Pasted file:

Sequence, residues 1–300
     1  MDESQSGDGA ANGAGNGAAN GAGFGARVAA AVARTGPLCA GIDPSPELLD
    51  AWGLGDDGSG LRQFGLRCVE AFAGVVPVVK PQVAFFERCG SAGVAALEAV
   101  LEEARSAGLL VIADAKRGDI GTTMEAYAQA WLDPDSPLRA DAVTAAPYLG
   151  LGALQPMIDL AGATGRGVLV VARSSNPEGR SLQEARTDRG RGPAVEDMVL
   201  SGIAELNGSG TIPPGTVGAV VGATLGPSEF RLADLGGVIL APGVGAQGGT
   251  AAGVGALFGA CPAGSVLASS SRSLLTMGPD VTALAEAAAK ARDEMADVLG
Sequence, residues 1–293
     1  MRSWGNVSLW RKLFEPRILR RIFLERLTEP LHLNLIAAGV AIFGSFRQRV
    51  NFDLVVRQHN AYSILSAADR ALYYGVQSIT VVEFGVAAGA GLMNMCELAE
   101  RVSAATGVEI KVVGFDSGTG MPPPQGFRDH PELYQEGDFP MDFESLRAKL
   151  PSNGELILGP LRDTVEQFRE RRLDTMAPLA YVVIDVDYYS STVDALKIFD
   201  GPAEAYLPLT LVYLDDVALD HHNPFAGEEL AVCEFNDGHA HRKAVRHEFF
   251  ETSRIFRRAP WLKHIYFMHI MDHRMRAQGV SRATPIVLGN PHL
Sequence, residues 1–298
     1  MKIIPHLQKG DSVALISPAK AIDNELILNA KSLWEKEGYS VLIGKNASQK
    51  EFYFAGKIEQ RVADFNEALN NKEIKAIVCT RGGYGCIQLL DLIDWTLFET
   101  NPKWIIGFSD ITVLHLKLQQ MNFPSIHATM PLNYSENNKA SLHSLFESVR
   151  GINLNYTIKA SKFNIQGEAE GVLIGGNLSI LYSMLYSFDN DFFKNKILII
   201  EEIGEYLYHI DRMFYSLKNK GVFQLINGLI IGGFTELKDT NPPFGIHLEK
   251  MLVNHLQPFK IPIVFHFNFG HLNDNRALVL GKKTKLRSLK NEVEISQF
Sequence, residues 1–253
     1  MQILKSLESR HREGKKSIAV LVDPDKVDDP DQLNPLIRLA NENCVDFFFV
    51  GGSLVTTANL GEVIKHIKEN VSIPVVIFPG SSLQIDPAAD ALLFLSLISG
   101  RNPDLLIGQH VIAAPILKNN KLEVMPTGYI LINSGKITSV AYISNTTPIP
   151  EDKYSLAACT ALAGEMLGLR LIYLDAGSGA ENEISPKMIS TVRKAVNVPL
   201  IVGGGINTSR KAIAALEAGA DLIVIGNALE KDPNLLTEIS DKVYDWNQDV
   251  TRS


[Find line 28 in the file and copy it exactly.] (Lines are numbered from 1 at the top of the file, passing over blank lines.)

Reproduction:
   251  TRS